Sunday, February 28, 2010

The Lost Decade

Today marks the 10th anniversary of the date of my best-ever brokerage account statement. The NASDAQ peaked on March 10, 2000. According to the February, 2000 statement I was a bloody genius!

In fact, they could have just addressed the statement to “Resident Genius” at my street address and I wouldn’t have had any trouble knowing who it was for.

It’s been a long ten years!

The pundits are calling it “the lost decade”, at least for stock investors. According to a report in this week’s Economist, Treasury Bills have outperformed the S&P over the past 10 years.

But some people made a lot of money over the past decade. They weren’t the buy-and-hold stock investors. They weren’t the buy-and-hold bond or currency or real estate investors either.

For the most part, the people who made a lot of money over the past 10 years have been those who have taken simple financial ideas and products and created highly complex financial products and markets from them. Particularly those who were able to do so utilizing massive amounts of leverage.

The idea of a sub-prime mortgage is simple. Creating a market based on the theory that a whole lot of sub-prime paper, carved up and leveraged smartly would produce AAA securities, was brilliant. Getting the government to essentially REQUIRE that these deals be done was genius—until it wasn’t, which didn't take long.

The ideas behind credit default swaps and collateralized debt obligations are not terribly complex but when the pricing of risk is based on horribly flawed measurements of it and, again, there is strong incentive to massively over-produce these instruments, the risk to the financial system is understated on an equally massive basis.

It’s perilous enough that market participants were given the incentive to produce huge quantities of complex and relatively illiquid assets. But when the government, in its dubious wisdom and false caution, mandated mark-to-market rules for major players in these illiquid assets, they nearly guaranteed that a meltdown would occur at SOME point.

When the markets for relatively illiquid assets freeze-up, as they all do from time to time, the issue of valuation becomes a very difficult one. When the small, or off-market, or marginal, or forced transaction becomes the only benchmark for assigning value to huge pools of assets, the result is a price graph that looks like the side of a cliff. And when other assets are derivatives of the one whose graph looks like that, the dominoes really start to fall.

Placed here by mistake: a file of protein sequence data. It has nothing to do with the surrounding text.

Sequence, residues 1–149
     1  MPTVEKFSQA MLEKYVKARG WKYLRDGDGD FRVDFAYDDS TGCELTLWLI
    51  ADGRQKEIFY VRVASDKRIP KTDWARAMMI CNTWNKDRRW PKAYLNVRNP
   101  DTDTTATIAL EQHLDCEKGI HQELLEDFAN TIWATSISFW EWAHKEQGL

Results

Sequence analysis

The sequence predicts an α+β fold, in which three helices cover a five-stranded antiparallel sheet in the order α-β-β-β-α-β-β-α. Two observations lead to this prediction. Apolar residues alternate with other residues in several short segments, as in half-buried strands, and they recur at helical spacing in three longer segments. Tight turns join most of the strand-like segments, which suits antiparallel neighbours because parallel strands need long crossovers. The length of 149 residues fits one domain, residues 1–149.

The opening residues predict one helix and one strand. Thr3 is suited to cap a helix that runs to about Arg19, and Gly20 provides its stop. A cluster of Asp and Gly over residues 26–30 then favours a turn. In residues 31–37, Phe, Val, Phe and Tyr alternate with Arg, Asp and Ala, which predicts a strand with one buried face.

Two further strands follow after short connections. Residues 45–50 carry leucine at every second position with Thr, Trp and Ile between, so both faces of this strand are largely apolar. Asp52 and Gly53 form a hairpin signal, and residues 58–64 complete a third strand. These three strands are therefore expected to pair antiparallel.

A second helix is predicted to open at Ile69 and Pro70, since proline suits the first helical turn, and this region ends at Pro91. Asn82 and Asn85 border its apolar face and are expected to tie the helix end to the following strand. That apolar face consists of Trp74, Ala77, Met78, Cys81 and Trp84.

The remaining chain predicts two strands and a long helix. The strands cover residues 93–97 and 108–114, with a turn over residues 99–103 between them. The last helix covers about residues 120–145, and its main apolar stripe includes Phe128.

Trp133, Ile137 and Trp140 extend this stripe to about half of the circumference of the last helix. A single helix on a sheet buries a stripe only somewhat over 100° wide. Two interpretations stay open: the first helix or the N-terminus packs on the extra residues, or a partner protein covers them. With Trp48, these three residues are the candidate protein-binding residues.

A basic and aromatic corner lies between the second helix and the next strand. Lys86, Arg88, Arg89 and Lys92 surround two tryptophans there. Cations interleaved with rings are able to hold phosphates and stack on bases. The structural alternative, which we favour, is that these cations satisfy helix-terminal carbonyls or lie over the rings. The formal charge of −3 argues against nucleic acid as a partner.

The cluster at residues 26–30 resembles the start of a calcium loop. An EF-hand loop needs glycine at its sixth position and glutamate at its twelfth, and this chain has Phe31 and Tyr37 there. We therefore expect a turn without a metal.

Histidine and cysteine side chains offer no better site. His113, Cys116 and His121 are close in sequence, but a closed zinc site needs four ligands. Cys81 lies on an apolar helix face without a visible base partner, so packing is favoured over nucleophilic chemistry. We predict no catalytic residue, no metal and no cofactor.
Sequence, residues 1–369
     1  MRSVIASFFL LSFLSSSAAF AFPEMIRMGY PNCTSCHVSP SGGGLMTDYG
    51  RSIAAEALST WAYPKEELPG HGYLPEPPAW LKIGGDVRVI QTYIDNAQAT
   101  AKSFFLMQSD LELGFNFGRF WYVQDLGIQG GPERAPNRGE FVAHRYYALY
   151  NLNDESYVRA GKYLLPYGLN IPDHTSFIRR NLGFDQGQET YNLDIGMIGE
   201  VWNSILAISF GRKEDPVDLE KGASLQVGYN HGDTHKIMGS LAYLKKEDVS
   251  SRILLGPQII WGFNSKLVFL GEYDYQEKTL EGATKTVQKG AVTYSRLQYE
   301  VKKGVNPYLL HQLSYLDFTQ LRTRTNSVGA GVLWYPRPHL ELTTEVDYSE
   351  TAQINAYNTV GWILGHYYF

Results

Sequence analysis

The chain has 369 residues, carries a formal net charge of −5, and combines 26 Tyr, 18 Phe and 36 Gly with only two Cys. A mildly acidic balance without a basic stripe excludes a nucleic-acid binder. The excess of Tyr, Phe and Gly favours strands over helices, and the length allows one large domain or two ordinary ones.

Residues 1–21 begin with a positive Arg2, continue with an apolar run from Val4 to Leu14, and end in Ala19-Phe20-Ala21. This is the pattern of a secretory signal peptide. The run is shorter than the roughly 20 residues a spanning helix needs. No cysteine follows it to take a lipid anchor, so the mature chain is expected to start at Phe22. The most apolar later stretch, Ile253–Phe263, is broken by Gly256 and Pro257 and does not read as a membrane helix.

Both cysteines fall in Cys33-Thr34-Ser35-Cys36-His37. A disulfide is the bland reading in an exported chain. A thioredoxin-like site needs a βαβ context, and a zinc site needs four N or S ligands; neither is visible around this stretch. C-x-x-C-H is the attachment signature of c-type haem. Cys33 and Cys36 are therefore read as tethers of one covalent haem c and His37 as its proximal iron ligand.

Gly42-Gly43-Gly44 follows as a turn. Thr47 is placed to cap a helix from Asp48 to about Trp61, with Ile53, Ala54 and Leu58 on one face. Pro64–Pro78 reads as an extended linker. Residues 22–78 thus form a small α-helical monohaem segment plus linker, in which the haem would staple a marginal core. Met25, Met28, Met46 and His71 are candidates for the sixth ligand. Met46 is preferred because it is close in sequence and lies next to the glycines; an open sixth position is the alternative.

What’s my point?

As has been well demonstrated by a number of analysts over the past year or so, the mathematics of risk measurement on which the last ten years of financial engineering has been based, was flawed. The fact that the occurrence of a particular event is highly improbable does not mean that it is impossible. And it does not mean that its risk can be ignored. People win the lottery every day. The highly improbable happens all the time.

Some people (relatively few) made a whole lot of money over the past 10 years on the theory that financial instrument risks were being appropriately measured. When it turned out that they were not, the economy as a whole very nearly imploded and we and our children will be paying the price for that for many years to come.

Here’s my point.

It has been shown that it is extremely difficult to accurately assess the risk of the sort of highly complex financial structures and instruments that have proliferated in the past decade. In fact, some say that it is impossible to foresee all of the ways in which some of these structures can go bad. And if we can’t foresee a risk it’s awfully hard to protect against it.

The creation of an invoice is a simple financial transaction. The structure of the obligation is straightforward. The mechanics of its fulfillment are straightforward.

The purchase of an invoice is a little trickier but still, in the scheme of financial transactions, pretty simple. The risks involved can be itemized with some assurance and the assessment of those risks does not require rocket science or rooms-full of PhDs with access to supercomputers.

Buying an invoice is essentially a low-tech financial transaction. But the pool of invoices created each year is enormous.

The traditional participants in the market have managed only minimal penetration.

But there is now a means of participating in that market in a way that is simple, efficient and scalable: courtesy of The Receivables Exchange.

TRE is not where it needs to be yet to absorb a great deal of capital. It has a lot to do before it becomes a real player in the big-money financial markets. But it’s still early days.

All things being equal, TRE offers the potential of size and simplicity as opposed to the sort of size and complexity that have caused such problems recently. After the past 10 years, SIMPLE sounds pretty good to me.

But, then, I’m not the genius I was 10 years ago!

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